• For each question you asked, what were the most common student responses? What kinds of patterns emerged in terms of what students know, and what misconceptions they might have? Provide summaries based on your categorizing of the student responses and, if necessary, visual representations of the data.
  • Where do you think students’ misconceptions or incorrect understandings may have come from?

Discussion and conclusions

  • How do your findings compare to the literature base on student understanding of this concept?
  • What are the implications for Biology teaching and learning given what you found?
  • How might students’ misconceptions/incorrect ideas be used as resources for instruction?

Option C: Analysis/Development of a Biology Assessment

Introduction

  • Select a biology assessment or conceptual inventory and explain why you have chosen this test to analyze. If the assessment has many items, you may want to select a subset (<15) for your analysis.
  • What does the test purport to measure?  That is, what knowledge or cognitive process does the test claim to measure?
  • What empirical evidence is there, to date, to support the interpretation of the test scores as measuring the knowledge or process claimed to be measured?  This includes a brief literature review on what is known about the test, common student misconceptions in this area, and readings from the class. 

Task Analysis

  • In your analysis, recall that an assessment consists a task, a response format, and a scoring system.  Be sure to include information about all three in your analysis.
  • Conduct a thorough analysis of the demands imposed on a student by a single, representative item/task from the assessment.   Start with an easy task.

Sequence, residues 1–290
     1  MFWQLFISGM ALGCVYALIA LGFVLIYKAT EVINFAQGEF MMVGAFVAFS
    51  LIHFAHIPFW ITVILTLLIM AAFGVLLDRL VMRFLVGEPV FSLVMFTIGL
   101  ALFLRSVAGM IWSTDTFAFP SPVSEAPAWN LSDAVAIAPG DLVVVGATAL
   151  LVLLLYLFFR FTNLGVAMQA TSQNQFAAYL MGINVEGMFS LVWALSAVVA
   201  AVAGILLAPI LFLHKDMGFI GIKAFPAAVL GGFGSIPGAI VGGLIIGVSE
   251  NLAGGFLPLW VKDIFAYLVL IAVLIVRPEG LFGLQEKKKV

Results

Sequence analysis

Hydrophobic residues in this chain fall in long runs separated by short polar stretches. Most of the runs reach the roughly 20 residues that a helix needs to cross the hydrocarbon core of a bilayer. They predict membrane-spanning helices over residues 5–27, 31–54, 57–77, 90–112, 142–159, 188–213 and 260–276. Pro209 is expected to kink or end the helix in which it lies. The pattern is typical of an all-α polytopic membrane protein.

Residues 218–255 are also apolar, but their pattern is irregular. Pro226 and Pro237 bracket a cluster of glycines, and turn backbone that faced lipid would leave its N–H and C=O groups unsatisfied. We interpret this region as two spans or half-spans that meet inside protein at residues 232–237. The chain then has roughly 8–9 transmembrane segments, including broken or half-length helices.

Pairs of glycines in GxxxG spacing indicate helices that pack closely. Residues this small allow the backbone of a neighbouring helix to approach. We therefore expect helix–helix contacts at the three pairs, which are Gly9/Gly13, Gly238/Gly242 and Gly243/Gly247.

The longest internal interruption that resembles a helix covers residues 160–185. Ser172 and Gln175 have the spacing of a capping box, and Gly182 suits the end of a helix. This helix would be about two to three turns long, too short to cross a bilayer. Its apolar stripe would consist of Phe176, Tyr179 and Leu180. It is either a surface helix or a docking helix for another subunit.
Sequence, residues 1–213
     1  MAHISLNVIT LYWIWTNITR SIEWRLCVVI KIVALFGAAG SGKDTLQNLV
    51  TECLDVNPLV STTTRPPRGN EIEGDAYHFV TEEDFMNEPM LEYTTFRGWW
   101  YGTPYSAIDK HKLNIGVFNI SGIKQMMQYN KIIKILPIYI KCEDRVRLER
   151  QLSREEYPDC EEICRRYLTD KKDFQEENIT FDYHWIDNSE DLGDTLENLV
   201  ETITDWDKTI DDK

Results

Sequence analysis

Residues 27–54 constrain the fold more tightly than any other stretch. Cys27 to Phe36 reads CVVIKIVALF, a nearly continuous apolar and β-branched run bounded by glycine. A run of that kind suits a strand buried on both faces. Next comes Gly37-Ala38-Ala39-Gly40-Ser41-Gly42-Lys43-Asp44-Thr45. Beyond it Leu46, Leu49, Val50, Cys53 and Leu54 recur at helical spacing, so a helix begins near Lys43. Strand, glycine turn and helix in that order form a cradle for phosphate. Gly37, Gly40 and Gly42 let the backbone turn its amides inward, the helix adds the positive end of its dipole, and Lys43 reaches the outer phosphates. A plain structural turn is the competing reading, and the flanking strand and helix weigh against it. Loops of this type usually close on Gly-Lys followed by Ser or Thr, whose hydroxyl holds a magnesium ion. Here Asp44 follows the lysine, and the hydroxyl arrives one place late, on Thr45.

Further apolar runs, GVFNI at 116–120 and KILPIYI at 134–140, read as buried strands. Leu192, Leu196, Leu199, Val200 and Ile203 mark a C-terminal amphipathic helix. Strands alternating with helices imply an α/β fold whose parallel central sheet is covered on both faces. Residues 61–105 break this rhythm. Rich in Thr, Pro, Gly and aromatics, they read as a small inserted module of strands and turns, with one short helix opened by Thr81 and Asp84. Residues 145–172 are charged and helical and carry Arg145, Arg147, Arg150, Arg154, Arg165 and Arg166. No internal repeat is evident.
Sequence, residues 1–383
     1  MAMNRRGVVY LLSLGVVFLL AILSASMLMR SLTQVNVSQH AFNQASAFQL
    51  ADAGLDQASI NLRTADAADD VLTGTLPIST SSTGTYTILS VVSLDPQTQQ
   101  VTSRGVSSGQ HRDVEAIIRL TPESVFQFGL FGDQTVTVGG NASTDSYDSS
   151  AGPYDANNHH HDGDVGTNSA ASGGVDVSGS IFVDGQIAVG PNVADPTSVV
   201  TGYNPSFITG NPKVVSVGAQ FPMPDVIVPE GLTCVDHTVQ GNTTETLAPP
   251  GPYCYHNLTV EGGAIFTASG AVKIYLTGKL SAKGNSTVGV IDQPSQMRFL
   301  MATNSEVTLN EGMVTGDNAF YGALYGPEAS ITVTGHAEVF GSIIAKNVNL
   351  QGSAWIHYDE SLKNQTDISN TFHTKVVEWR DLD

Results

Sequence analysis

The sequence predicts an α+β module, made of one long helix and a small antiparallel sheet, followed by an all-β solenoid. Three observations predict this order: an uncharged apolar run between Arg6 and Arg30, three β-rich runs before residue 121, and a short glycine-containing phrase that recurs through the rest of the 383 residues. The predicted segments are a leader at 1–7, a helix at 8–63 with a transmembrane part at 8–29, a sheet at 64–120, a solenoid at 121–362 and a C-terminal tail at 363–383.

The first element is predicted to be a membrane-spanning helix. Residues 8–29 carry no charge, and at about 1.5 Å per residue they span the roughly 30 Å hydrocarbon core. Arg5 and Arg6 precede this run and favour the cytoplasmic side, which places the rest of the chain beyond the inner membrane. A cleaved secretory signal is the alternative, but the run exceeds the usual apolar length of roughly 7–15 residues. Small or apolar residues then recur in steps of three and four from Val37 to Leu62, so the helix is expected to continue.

• Conduct an extensive task analysis to see if and how to modify the results of the intensive analysis to include all the items on the test, revising your intensive analysis to encompass all the items. 
  • If you have a heterogeneous assessment covering different content areas, knowledge types, or both, you may want to stratify the test and do intensive and extensive analyses within each stratum.
  • On the basis of this analysis of the task demands of the test, what do you conclude about what the test measures?

Cognitive Analysis

  • Conduct a cognitive analysis of your test by having at least 4 “subjects” “think aloud” while answering the items on the test.
  • Collect verbal protocol by taking detailed notes as your “subjects” talk or, preferably, audio or video record.
  • Transcribe the verbal protocol from notes or audiotape for analysis.
  • Analyze the transcripts to bring evidence to bear on what your “subjects” are thinking as they perform the tasks on the test.  In analyzing the data, you need to grapple with your “unit of analysis”: the word, phrase, sentence, complete thought, or entire response to item/task or some other unit.  You then need to create a way of categorizing similar units and counting frequencies or of tracking cognitive processes over the course of working on the item/task perhaps in a flow diagram.
  • On the basis of your cognitive analysis what do you conclude about what the test measures?

Discussion and Conclusions

  • What does the assessment purport to measure (see Introduction)?
  • Combining the findings of the task analysis and the cognitive analysis, what evidence to you have that confirms or disconfirms the claims made about what the assessment measures?
  • Conclude what you think the assessment measures referring to your task and cognitive analyses.

 

 
© M.W. Klymkowsky & E. Furtak 2008